Researchers found that sexual education led to improved health knowledge and decreased teen pregnancy rates in the following year.
Migration is surging around the world—some 250 million people currently reside outside of their country of birth—and governments are struggling to adapt. Although much scholarship and policymaking addresses migration from developing countries to advanced economies, a large proportion of the world’s migrants move within the developing world.
Take sub-Saharan Africa, approximately 70 percent of migrants originate from another developing country. Just as the free movement of goods and services yields economic growth, the free movement of labor across boundaries has the potential to benefit migrants, their families, and the communities that host them. Yet, there are challenges in realizing this potential. For instance, the movement of people can generate political and social tension. Moreover, aspiring migrants are constrained by lack of information, scarce resources, and restrictions on their access to a host country’s labor market. Finally, there are over 28 million refugees and asylum-seekers who are not leaving their countries by choice. They have fled violence or persecution and face steep hurdles to rebuilding their lives as they wait to return home, be permanently resettled, or search elsewhere for opportunity and safety.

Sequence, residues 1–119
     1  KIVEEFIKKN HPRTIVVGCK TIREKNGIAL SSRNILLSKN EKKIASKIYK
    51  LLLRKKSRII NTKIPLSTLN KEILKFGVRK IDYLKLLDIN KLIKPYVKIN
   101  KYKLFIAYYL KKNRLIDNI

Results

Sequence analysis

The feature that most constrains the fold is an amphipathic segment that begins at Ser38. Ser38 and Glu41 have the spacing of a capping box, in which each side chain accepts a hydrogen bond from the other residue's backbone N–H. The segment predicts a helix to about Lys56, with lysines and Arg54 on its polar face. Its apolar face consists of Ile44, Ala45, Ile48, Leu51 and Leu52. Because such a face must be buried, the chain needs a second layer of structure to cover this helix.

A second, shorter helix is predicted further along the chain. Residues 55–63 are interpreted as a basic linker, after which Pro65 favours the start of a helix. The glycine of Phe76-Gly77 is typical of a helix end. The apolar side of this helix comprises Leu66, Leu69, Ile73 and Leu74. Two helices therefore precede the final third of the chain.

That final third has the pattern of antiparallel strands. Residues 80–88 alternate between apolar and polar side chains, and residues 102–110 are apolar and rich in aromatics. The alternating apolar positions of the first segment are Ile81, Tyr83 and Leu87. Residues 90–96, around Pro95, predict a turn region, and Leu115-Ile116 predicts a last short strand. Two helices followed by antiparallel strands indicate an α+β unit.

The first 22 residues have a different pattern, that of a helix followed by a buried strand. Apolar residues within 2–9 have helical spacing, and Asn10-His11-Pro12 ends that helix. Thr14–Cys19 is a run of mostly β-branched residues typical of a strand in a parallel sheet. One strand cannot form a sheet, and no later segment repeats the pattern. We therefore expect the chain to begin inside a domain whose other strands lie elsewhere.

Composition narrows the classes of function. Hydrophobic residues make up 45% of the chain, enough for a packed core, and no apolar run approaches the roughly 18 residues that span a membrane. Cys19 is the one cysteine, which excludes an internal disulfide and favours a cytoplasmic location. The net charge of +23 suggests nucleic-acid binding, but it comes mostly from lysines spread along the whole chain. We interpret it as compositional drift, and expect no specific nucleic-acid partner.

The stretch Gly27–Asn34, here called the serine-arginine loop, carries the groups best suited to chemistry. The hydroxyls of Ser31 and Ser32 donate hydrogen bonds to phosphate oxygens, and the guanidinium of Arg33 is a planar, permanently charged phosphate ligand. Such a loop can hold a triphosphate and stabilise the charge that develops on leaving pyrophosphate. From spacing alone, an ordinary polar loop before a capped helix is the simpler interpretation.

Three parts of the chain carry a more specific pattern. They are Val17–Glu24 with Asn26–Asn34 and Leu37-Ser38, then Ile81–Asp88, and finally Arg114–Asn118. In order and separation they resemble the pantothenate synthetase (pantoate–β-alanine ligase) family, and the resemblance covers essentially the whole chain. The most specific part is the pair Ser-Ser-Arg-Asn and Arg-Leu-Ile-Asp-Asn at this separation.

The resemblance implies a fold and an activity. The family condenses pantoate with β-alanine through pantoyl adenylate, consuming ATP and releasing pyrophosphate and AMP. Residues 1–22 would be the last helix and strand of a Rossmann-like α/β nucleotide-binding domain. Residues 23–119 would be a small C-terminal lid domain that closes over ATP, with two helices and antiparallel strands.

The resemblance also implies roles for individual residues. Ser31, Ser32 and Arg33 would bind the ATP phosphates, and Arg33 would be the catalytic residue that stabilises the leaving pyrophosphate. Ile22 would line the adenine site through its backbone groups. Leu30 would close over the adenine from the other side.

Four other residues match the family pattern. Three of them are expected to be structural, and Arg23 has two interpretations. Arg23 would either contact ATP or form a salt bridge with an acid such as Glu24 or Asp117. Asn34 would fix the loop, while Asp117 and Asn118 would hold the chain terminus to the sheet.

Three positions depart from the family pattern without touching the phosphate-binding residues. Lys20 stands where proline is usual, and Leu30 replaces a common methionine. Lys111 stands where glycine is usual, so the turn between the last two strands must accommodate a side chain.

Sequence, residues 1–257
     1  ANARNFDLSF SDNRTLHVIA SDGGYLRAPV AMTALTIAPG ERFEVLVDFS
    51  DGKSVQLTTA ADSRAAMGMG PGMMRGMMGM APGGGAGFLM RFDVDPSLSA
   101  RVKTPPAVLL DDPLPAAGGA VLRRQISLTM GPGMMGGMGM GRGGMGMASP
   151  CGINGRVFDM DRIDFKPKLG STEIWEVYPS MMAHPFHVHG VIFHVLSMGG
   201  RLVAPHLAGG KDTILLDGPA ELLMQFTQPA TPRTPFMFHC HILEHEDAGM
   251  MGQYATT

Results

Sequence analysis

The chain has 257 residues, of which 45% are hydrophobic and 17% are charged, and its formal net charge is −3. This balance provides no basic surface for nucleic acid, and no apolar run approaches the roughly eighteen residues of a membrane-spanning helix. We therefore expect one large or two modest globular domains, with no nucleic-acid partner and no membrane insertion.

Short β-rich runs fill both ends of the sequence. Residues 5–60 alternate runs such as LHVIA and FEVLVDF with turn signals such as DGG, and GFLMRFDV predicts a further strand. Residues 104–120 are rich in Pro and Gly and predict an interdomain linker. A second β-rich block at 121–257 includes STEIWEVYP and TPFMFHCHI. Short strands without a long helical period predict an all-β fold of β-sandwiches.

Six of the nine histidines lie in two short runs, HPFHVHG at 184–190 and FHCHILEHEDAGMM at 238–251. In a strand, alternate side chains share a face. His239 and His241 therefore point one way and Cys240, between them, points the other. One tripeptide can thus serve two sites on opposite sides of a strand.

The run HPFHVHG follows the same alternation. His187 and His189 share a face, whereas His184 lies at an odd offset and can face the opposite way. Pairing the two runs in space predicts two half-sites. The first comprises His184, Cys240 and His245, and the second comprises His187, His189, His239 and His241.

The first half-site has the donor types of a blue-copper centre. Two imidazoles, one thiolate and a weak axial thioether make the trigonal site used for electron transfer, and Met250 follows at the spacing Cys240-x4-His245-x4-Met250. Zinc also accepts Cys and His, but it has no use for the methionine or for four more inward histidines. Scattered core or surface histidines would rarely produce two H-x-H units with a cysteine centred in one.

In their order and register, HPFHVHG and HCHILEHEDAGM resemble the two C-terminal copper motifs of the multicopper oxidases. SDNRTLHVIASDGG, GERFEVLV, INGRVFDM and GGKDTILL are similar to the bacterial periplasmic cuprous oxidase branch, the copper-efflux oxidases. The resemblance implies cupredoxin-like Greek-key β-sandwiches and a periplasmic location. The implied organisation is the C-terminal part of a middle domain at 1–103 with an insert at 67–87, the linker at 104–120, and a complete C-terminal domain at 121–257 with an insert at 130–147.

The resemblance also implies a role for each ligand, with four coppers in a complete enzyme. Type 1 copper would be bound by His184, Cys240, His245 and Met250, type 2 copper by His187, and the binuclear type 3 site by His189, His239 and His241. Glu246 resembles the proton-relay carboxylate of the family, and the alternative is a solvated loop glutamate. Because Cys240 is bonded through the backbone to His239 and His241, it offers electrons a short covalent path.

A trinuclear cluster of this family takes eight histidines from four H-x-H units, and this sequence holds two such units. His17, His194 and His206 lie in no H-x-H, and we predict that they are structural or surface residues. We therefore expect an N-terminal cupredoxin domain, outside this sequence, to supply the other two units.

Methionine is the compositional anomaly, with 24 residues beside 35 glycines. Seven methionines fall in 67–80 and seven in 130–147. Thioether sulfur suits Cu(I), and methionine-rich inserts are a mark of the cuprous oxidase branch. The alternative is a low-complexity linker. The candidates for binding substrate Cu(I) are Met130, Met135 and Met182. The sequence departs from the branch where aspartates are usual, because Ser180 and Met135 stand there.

At a time of rancorous policy debates on immigration around the world, academic researchers are well positioned to contribute new insights and evidence that can help unlock the development potential of migration for some of the world’s poorest and most vulnerable populations. The Immigration Policy Lab's (IPL) highly successful translational approach to public policy will be applied to migration within the developing world, focused on unearthing its potential to spur political, economic, and social growth.